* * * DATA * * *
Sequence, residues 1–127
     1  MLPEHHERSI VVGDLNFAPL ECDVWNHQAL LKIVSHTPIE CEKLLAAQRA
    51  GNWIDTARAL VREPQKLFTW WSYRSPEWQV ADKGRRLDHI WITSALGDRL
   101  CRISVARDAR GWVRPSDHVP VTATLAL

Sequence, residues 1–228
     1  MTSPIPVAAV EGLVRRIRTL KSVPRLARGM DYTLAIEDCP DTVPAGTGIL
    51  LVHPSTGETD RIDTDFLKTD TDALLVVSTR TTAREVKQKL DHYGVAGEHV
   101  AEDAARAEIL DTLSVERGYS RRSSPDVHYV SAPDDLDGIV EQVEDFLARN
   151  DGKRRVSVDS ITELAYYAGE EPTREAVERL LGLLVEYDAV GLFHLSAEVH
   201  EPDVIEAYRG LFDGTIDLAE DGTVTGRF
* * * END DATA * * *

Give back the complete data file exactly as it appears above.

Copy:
Sequence, residues 1–127
     1  MLPEHHERSI VVGDLNFAPL ECDVWNHQAL LKIVSHTPIE CEKLLAAQRA
    51  GNWIDTARAL VREPQKLFTW WSYRSPEWQV ADKGRRLDHI WITSALGDRL
   101  CRISVARDAR GWVRPSDHVP VTATLAL

Sequence, residues 1–228
     1  MTSPIPVAAV EGLVRRIRTL KSVPRLARGM DYTLAIEDCP DTVPAGTGIL
    51  LVHPSTGETD RIDTDFLKTD TDALLVVSTR TTAREVKQKL DHYGVAGEHV
   101  AEDAARAEIL DTLSVERGYS RRSSPDVHYV SAPDDLDGIV EQVEDFLARN
   151  DGKRRVSVDS ITELAYYAGE EPTREAVERL LGLLVEYDAV GLFHLSAEVH
   201  EPDVIEAYRG LFDGTIDLAE DGTVTGRF